In honor of Women’s History Month, the Northeastern University Archives and Special Collections is highlighting the work and accomplishments of two East Boston women: Evelyn Morash and Mary Ellen Welch. Their decades of community organizing and advocacy beginning in the 1960s were effective in improving the quality of life for residents in their neighborhoods, from the establishment of parks and greenspaces to improvements in their neighborhood schools, improved access to healthcare, and mitigation around air and noise pollution from the airport.
Meet Evelyn Morash
Evelyn Morash grew up in East Boston in the 1930s and ’40s, the daughter of Italian immigrants. As an adult with children in the Boston Public Schools in the 1960s, Evelyn became an outspoken advocate for desegregation and improving education in all the city’s schools. In 1970, she founded the advisory committee Parents and Teachers Who Care, a coalition that grew out of her efforts to ensure school libraries in all of East Boston’s elementary schools. During this same time, Evelyn worked with other community members to establish the East Boston Neighborhood Health Center, which opened in 1970 to serve a geographically isolated and largely immigrant and low-income community. She later served on its board in the 1980s.
Recognizing her leadership around issues of education in East Boston, Governor Francis Sargent appointed Evelyn to the Massachusetts State Board of Education in 1973, where she prioritized making quality vocational education available for women, since secretarial training was women’s only option at the time. Following the 1974 court order to desegregate Boston’s public schools, Judge Arthur Garrity appointed her to serve on the Citywide Coordinating Council, an autonomous oversight committee to monitor the progress of desegregation efforts across the city. Along with her city- and state-level work, Evelyn continued to focus her activism on East Boston, later serving on the planning committee for the construction of the Mario Umana Academy in the 1980s, where she fought for the new building to serve both as a school and community center for the neighborhood.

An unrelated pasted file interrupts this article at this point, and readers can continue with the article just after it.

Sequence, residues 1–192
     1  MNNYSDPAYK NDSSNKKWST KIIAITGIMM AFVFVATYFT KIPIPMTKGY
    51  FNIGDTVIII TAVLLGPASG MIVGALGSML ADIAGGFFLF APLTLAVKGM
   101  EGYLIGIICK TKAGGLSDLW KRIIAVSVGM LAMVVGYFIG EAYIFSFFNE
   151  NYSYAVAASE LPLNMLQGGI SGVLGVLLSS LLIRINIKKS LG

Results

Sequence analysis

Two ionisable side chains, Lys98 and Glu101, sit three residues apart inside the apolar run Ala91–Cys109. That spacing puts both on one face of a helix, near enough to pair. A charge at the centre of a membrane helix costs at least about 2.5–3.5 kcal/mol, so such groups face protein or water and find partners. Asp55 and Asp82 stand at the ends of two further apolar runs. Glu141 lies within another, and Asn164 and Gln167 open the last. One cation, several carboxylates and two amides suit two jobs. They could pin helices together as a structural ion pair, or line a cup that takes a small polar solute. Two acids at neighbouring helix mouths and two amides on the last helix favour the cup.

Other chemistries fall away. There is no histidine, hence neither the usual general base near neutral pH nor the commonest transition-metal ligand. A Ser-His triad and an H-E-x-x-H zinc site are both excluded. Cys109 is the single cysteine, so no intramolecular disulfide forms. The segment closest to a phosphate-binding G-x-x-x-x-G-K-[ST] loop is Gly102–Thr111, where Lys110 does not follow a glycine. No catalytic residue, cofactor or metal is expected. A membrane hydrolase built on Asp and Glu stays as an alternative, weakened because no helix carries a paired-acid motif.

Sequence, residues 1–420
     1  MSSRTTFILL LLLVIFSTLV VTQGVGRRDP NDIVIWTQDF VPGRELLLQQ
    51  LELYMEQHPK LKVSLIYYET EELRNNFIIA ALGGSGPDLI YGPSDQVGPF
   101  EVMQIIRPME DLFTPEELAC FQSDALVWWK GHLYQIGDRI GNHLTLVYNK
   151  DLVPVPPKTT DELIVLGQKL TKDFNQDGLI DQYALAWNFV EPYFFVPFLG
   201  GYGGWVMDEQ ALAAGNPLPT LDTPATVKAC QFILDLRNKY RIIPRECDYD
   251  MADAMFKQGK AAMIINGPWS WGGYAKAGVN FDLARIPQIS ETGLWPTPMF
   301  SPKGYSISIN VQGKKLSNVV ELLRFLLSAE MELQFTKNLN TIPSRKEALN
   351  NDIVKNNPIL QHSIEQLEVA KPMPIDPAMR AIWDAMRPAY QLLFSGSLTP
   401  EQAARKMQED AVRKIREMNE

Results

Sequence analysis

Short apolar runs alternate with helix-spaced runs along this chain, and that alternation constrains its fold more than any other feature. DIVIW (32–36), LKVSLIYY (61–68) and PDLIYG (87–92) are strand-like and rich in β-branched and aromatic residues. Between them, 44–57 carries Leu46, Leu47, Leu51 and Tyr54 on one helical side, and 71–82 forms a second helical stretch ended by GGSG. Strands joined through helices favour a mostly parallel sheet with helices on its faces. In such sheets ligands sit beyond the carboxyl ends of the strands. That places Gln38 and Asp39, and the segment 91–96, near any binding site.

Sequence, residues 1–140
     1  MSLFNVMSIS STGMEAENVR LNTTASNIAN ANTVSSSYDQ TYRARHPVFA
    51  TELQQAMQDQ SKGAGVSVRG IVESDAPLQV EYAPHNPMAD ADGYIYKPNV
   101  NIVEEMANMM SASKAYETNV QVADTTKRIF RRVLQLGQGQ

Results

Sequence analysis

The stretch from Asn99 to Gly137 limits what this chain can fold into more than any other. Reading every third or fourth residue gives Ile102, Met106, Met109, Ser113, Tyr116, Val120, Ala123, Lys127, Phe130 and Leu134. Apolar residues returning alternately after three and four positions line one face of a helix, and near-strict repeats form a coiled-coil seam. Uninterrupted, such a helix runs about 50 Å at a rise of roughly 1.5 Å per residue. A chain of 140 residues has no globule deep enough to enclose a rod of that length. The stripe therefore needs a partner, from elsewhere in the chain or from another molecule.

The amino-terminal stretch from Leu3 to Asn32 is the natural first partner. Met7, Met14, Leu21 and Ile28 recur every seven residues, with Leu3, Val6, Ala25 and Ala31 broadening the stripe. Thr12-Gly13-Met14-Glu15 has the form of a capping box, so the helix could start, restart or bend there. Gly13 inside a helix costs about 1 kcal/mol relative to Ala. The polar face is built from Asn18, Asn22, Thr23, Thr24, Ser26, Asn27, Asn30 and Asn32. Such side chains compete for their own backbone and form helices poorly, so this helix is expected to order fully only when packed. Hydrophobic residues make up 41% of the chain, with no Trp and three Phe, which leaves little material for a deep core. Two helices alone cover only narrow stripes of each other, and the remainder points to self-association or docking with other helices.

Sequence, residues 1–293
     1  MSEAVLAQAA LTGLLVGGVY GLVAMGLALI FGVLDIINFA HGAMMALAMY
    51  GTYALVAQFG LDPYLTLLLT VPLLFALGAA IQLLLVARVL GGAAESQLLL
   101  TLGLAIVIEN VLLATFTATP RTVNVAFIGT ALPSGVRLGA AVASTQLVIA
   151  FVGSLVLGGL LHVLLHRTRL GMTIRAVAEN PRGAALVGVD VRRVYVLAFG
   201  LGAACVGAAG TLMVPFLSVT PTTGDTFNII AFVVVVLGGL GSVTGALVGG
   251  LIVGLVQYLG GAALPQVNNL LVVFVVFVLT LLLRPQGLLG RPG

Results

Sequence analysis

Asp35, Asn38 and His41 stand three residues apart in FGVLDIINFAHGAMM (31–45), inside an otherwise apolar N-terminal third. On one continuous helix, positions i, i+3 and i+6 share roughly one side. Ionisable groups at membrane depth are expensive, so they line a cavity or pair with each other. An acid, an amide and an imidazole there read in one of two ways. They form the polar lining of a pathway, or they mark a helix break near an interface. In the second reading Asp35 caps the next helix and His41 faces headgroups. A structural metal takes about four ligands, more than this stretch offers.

The Northeastern University Archives and Special Collections maintains oral histories and written records of Evelyn’s organizing efforts and achievements. In 1997, Evelyn was interviewed as part of the East Boston Greenway Council’s Oral History Project, an effort to capture memories of East Boston from before the expansion of Logan Airport in the 1960s and ’70s and to reflect on changes to the neighborhood. In the recorded conversation with fellow East Boston activist Roberta Marchi, Evelyn describes her early life in East Boston, her involvement with the Girl Scouts, her efforts to establish the East Boston Neighborhood Health Center, and how she got involved in school advocacy. You can listen to both parts of Evelyn’s interview in the Digital Repository Service (DRS) (Part 1 and Part 2).
Two decades later in 2018, Evelyn was interviewed by Greta de Jong about her role in parent organizations during school desegregation in the 1970s and other efforts around school reform. You can listen to the interview and view accompanying materials in the DRS here.